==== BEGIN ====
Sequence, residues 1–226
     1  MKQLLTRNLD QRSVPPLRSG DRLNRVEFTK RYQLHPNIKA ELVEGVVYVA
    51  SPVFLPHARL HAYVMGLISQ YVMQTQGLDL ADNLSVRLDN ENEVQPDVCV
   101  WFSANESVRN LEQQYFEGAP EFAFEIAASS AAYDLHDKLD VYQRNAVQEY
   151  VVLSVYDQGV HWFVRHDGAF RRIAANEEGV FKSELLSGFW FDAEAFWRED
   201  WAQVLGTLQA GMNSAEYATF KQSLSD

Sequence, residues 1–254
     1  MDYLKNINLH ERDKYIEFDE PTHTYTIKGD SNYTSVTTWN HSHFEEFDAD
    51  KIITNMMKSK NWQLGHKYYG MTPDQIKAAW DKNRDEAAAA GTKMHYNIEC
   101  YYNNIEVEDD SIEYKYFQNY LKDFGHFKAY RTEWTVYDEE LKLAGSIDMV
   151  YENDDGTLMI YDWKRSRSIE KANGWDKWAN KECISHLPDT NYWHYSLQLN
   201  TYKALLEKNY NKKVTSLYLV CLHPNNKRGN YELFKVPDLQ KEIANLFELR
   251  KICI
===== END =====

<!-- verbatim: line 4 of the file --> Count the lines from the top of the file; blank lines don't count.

   101  WFSANESVRN LEQQYFEGAP EFAFEIAASS AAYDLHDKLD VYQRNAVQEY